A medical malpractice suit alleging a woman died from a blood clot caused by a sprained ankle is at trial again after the plaintiffs accused Circuit Judge Andreas Matoesian of bias in favor of the defense and the Fifth District Appellate Court ruled that a retrial was necessary.
The retrial began June 17 in Circuit Judge David Dugan’s courtroom.
Plaintiffs James Greco, as special administrator of his wife Tamara Greco's estate, and as legal guardian and next friend of Taylor Greco, Heather McKaig and Nicholas McKaig are represented at trial by David Horan of St. Louis.
Defendants Orthopedic & Sports Medicine Clinic PC and Dr. Bruce T. Vest Jr. are represented by Philip Willman and Justin Hardin of Brown & James in St. Louis and Don Weber of Craney Law Group LLC in Edwardsville.
During Vest’s testimony Tuesday, plaintiff’s counsel mentioned that attorney Steve Selby of Smith Mendenhall Selby & Cole in Alton was the patient’s employer, where she worked as a secretary at the time of her death. He asked Vest if Selby was also his friend and attorney.
“Correct,” Vest said.
However, Selby is not representing Vest in this medical malpractice suit.
Vest confirmed that he sent medical records to Selby following Tammy Greco’s death, explaining that he was attempting to help James Greco with securing life insurance funds.
“When you found out that Tammy died and you had seen her only two days before, you sent records to your attorney?” he was asked.
Greco’s counsel also mentioned that no one has been able to find x-rays of the decedent’s leg, ankle and foot, which Vest later testified that he routinely sent the copies home with the patient.
Vest was asked who gave him permission to send medical information to Selby and whether he called the family to express any regret.
“I’m a human,” Vest said. “I have feelings. I’m sorry for their loss.”
He added that he was trying to help by sending the records to Selby, who may have been his friend and attorney but was also Tammy Greco’s employer.
The case first went to trial in April 2013 in Matoesian’s courtroom. During the trial, the plaintiffs had sought to prohibit media contact in the case, arguing that media stories had been written “in a manner that is favorable to the defendants and negative to the plaintiffs.”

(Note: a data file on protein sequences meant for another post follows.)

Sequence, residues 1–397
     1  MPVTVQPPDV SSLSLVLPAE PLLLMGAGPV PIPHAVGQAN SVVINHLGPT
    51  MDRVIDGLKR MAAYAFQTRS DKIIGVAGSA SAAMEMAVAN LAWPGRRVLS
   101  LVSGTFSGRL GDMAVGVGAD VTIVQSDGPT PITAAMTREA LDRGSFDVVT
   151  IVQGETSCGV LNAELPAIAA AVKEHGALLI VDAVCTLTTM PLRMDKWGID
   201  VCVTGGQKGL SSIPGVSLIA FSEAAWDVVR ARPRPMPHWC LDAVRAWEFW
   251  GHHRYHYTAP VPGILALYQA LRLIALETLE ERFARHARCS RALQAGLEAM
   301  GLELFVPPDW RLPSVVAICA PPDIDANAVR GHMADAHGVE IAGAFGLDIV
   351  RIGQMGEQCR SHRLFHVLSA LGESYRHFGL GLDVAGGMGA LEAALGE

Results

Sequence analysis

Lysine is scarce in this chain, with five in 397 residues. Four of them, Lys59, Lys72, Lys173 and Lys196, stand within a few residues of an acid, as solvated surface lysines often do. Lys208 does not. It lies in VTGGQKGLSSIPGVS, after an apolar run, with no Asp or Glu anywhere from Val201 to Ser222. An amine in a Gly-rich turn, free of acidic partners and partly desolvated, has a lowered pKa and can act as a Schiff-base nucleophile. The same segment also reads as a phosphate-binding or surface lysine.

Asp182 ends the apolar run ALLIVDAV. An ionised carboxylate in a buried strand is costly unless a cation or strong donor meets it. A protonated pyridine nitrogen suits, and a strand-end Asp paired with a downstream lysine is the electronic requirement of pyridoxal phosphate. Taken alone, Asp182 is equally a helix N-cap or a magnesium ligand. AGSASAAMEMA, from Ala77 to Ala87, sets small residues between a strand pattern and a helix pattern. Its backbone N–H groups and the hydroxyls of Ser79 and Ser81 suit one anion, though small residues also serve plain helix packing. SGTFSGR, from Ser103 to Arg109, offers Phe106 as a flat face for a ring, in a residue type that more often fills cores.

Matoesian denied the request.
Jurors returned a verdict in favor of the defendants on April 16, 2013.
Horan and co-counsel Gregory Fenlon filed a post-judgment motion for a new trial on May 14, 2013, arguing that court testimony regarding unwitnessed conversations Vest and his staff had with Tammy Greco before her death violated the Dead Man’s Act.
The Dead Man’s Act prohibits testimony on matters that cannot be rebutted because of the death of the only other party to the conversation or witness to the event.
They also argued that the defense provided Kristen Jun as a “surprise witness” to testify that Greco had a family history of blood clotting disease.
Matoesian denied the motion for a new trial on July 5, 2013. The plaintiffs appealed.
The Fifth District Appellate Court reversed Matoesian’s order on July 9, 2015 and remanded the case for a new trial.
On July 12, 2016, the plaintiffs filed a petition to substitute Matoesian.
“Throughout the pre-trial and trial proceedings, Judge Matoesian demonstrated a bias and partiality favorable to the defense, especially when the conversation included defense counsel Don Weber, a former Madison County Circuit Judge. A fair and scrupulous review of the court file and transcript evidences the inescapable conclusion of favoritism and bias.
“The Appellate Court opinion, remanding this case for a new trial because of the prejudicial rulings of the trial court, strongly suggests the lack of impartiality, favoritism, bias or interest upon Judge Matoesian,” the petition stated.
In a July 15 order, Matoesian recused himself.
He wrote, “The undersigned disagrees with the motion to substitute judge and the allegations contained in the motion. However, in order to avoid delay the court recuses.”
The suit was originally filed in 2006. It was voluntarily dismissed in February 2010 and refiled in February 2011.
According to the complaint, Tamara, or “Tammy,” Greco, 36, sprained her ankle while bowling on April 29, 2004. She went to the emergency room that evening and was advised to elevate her leg, wear a brace, use crutches, apply an ice pack and see an orthopedic surgeon.